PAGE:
With Dear Basketball, co-creator Kobe Bryant chose animation to express the myriad swell of emotions felt on the eve of his retirement from the NBA. Bryant goes on to describe the dreams, challenges, and glory that basketball gave him across a career spanning two decades. The short film resonated enough with sports fans that in 2018 it made Kobe Bryant the first NBA player to win an Academy Award.

Bao
Directed by Domee Shi
Length: 8 minutes

Who knew that a sentient steamed bun could be used represent a bittersweet moment in a parent’s life? Winner of the latest Academy Award for Best Animated Short Film, Bao tells the emotional story of an older woman feeling so lonely that she somehow brings a traditional Chinese treat to life. The woman raises the steamed bun, pampering and coddling it throughout its life, only to become devastated when it grows up and prepares to leave the house.

In the end (spoilers), it’s all an allegorical dream. The steamed bun simply represents her actual human son planning to leave with his fiance. A touching story of a woman suffering from empty-nest syndrome, Bao offers a special glimpse at what most mothers and fathers go through when the children they raised for years are ready to set off on their own.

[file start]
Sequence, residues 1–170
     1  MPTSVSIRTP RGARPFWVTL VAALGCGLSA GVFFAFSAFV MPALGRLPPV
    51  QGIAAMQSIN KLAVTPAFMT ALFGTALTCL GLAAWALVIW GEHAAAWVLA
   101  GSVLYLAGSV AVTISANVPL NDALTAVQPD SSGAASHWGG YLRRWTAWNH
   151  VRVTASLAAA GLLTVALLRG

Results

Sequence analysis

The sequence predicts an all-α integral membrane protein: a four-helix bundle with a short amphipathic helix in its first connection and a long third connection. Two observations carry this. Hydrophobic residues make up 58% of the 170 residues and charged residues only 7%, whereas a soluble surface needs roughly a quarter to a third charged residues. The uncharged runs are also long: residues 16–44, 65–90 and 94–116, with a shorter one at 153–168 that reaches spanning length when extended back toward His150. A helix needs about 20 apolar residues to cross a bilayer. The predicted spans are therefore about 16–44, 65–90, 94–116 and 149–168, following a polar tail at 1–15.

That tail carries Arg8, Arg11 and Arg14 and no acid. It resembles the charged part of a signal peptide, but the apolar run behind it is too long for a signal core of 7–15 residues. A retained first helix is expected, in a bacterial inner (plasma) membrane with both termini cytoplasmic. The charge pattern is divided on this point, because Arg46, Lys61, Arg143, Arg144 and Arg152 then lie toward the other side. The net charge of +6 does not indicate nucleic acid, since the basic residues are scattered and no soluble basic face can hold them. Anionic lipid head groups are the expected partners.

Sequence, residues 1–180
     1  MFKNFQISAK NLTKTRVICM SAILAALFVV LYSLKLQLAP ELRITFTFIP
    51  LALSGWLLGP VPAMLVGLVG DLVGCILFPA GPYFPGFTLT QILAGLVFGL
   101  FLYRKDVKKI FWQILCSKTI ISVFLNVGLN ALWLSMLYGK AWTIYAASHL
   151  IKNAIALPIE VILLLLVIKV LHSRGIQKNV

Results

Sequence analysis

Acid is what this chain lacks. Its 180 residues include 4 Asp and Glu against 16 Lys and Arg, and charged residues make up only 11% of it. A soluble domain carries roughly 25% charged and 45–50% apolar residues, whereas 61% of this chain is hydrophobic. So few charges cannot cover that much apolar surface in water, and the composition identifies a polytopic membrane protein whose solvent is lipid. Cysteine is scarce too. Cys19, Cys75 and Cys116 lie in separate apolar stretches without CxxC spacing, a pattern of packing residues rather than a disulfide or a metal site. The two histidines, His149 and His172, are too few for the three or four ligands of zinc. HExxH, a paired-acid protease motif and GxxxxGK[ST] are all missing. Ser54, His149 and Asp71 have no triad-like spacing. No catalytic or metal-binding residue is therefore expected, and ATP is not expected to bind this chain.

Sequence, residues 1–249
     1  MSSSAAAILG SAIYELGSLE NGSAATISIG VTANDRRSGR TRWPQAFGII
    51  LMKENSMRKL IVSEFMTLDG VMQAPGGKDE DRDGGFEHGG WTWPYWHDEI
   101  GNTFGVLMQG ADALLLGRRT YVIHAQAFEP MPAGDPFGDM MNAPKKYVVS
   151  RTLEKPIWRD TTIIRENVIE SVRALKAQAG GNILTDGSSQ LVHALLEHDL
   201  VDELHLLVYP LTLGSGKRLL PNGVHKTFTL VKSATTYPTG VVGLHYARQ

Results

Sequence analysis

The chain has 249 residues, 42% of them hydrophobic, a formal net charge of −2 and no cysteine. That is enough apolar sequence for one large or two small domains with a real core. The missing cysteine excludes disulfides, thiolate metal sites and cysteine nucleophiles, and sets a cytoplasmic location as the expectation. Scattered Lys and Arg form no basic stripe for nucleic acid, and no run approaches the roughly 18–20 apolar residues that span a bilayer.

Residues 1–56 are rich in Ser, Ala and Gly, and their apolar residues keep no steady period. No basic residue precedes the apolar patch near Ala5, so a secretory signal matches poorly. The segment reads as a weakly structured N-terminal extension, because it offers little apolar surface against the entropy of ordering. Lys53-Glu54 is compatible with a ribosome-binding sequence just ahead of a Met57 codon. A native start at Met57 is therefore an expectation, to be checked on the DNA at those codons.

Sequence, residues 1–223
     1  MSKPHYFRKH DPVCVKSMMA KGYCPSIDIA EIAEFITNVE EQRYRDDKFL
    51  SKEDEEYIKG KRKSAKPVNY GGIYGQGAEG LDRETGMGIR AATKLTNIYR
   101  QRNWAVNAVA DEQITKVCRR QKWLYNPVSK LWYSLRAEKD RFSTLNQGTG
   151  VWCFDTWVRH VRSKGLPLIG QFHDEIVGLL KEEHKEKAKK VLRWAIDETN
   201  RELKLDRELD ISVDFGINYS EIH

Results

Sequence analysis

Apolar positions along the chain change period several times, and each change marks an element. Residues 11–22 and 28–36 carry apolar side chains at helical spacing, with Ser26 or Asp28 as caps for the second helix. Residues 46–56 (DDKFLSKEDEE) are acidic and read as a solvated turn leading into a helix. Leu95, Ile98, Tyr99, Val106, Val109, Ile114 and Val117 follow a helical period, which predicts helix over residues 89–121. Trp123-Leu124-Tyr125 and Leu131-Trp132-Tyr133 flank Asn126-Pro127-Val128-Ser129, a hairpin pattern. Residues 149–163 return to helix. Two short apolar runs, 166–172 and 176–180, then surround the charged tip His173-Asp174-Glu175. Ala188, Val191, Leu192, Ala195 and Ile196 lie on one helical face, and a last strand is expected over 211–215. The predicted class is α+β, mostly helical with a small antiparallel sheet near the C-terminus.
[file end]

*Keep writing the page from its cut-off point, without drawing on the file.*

Bear Story
Directed by Gabriel Osorio Vargas
Length: 11 minutes

This film tells the story of an elderly bear and his mechanical diorama featuring a bear similar to himself. The bear takes his diorama down to a street corner and rings a bell, hoping that someone will pay a coin to look into the peephole of his contraption. When a young bear does, he gets to watch the story of a mechanical bear taken from his wife and child by militant figures. Captured, he’s forced to perform in a circus for years before making a great escape and reuniting with his family.

At the end, the bear with the diorama takes out a photo of his family, implying that he too once had a family that he’s currently separated from. Serving as the first Chilean film to win an Academy Award, Bear Story is inspired by the director’s grandfather, who was imprisoned during the 1973 Chilean coup d’état and then exiled for the rest of the dictatorship.

Peter & the Wolf
Directed by Suzie Templeton
Length: 33 minutes

A multinational production, this film was a collaboration between talent from the UK, Poland, Norway, Switzerland, and Mexico. Their efforts paid off as Peter & the Wolf went on to earn plenty of praise and awards, including the Academy Award in 2008 for Best Animated Short Film. Along with its stirring story, this short film is also memorable for its unique puppet animation style.